Sportfishing Season Opens April 1

Sports And Rec

**** FISHERIES/AQUACULTURE- Release

Sportfishing Season Opens April 1
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The 2021 sportfishing season opens April 1, and Nova Scotians are encouraged to enjoy sportfishing on one of the province’s many waterways.

“Sportfishing is very popular, can be enjoyed by all ages, and helps support jobs and economic activity in our rural communities,” said Fisheries and Aquaculture Minister Keith Colwell. “By using proper catch and release techniques and limiting harvest, anglers can make sure this valuable sport is sustainable into the future.”

To help curb the spread of COVID-19, anglers need to adhere to current public health guidelines. They must limit contact with other people, remain two metres (six feet) away from others, adhere to current gathering limits, and practise good hand washing and other hygiene steps.

“While fishing, please remember to follow all public health measures as well as boating safety rules – use personal floatation devices and check conditions before venturing out on the water,” said Mr. Colwell.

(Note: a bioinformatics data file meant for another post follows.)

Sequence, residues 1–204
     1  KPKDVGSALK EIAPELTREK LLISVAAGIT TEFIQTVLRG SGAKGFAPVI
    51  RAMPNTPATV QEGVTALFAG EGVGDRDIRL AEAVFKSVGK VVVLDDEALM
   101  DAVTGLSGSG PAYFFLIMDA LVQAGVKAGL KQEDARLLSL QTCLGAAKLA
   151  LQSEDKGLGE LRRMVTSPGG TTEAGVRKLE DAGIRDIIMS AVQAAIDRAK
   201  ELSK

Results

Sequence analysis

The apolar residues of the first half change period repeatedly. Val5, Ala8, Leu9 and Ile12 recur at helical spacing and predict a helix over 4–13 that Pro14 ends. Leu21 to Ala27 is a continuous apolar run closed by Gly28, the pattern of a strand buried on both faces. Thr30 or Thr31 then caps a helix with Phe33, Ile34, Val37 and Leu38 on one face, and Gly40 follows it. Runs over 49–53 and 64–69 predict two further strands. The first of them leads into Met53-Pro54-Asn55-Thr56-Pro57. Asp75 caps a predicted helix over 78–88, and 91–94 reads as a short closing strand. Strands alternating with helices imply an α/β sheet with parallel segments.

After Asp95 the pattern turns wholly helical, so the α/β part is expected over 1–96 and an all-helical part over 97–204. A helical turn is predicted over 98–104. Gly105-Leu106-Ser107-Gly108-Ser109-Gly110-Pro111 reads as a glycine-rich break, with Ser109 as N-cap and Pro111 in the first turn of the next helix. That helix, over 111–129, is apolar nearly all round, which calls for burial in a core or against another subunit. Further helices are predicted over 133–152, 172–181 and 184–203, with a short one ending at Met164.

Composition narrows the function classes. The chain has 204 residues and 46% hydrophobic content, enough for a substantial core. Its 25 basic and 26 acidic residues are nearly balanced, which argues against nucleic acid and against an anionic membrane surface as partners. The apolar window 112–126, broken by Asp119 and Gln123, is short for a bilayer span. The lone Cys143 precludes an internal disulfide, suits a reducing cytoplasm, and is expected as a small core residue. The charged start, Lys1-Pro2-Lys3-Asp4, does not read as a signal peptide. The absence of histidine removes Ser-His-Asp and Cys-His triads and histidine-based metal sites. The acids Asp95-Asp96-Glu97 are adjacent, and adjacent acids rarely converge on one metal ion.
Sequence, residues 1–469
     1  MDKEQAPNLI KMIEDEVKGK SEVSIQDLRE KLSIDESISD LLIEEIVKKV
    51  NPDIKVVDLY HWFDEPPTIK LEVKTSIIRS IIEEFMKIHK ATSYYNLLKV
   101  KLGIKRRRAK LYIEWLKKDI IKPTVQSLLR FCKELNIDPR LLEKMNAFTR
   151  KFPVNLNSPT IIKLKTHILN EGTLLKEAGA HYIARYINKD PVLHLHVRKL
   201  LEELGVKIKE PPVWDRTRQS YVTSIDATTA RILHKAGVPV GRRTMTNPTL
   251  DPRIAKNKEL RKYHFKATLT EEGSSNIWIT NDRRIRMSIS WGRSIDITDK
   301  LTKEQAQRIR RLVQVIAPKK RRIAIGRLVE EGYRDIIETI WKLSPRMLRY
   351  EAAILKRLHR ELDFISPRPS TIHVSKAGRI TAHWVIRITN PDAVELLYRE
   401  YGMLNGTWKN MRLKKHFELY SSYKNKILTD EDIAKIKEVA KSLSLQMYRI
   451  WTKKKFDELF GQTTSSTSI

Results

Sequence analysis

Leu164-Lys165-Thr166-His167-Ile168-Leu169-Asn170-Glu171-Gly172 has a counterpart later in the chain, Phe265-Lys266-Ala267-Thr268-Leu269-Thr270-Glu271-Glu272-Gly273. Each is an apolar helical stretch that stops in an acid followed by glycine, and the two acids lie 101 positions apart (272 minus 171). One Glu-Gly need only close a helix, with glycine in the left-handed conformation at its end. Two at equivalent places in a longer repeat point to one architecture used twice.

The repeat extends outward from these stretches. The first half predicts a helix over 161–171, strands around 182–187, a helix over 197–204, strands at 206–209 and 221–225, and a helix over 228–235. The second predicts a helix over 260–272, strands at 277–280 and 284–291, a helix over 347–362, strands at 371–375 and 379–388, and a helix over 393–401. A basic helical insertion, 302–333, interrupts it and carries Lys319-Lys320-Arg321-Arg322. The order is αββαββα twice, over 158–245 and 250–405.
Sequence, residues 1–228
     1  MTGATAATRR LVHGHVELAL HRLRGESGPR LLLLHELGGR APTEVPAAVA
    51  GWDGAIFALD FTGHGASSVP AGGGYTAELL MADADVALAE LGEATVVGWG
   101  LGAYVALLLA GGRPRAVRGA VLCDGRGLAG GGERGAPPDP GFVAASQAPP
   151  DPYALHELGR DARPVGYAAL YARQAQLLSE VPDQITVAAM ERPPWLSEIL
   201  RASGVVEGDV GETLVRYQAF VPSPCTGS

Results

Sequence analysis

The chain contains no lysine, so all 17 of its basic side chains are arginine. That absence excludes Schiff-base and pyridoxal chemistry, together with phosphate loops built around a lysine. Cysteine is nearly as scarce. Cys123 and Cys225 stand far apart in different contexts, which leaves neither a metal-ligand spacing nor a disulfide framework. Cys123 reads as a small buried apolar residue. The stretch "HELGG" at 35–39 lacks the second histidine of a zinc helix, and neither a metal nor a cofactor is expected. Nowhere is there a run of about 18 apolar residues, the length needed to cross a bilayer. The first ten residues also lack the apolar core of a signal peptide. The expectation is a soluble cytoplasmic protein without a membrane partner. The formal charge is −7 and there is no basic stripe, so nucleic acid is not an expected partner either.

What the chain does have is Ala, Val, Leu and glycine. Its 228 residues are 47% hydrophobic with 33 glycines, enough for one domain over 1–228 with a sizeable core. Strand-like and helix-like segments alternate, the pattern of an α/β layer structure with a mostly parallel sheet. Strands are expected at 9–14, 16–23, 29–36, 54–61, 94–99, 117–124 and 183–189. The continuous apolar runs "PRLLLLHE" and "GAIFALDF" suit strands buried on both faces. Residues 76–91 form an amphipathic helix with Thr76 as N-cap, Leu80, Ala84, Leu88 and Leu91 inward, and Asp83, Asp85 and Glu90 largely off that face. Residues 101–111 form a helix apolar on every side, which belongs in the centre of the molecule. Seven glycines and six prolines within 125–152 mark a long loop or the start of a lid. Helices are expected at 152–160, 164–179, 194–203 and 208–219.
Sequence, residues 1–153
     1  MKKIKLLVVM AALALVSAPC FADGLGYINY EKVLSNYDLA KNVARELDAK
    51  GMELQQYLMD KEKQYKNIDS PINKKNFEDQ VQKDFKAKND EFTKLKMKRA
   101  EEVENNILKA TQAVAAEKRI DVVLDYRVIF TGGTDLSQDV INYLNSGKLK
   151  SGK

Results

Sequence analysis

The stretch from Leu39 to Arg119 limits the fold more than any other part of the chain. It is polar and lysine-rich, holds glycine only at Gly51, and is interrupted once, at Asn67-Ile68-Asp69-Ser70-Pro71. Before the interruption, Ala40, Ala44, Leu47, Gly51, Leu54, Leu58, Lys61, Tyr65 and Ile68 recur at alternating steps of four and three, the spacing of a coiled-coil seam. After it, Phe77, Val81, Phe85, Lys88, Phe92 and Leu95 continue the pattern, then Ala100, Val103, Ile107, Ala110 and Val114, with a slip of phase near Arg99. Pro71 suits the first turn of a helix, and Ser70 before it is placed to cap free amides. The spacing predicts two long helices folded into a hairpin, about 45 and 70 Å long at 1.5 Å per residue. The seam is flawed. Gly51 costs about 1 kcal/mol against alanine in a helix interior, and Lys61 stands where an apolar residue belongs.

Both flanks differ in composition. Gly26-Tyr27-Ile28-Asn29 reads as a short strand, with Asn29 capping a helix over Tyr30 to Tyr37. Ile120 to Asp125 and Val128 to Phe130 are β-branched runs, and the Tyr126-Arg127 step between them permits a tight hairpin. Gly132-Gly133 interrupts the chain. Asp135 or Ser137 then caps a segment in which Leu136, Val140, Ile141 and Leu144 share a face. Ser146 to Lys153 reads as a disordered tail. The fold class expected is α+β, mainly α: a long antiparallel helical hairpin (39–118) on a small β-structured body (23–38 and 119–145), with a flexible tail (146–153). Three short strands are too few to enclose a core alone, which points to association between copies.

Anglers should also check the latest public health restrictions before each sportfishing outing.

Licences can be purchased online via the Department of Fisheries and Aquaculture website at https://novascotia.ca/fish/sportfishing/ or in person at Department of Lands and Forestry field offices and private vendors throughout the province.

Quotes:
“Angling is a sport that benefits physical and mental health and supports our rural economy. We encourage our members and all licensed anglers to be safe around the water, follow public health guidelines and enjoy the great sportfishing opportunities Nova Scotia provides as the new season begins.”
​ ​ ​ ​ ​ – Shannon Cunningham, interim president, Nova Scotia Federation of Anglers and Hunters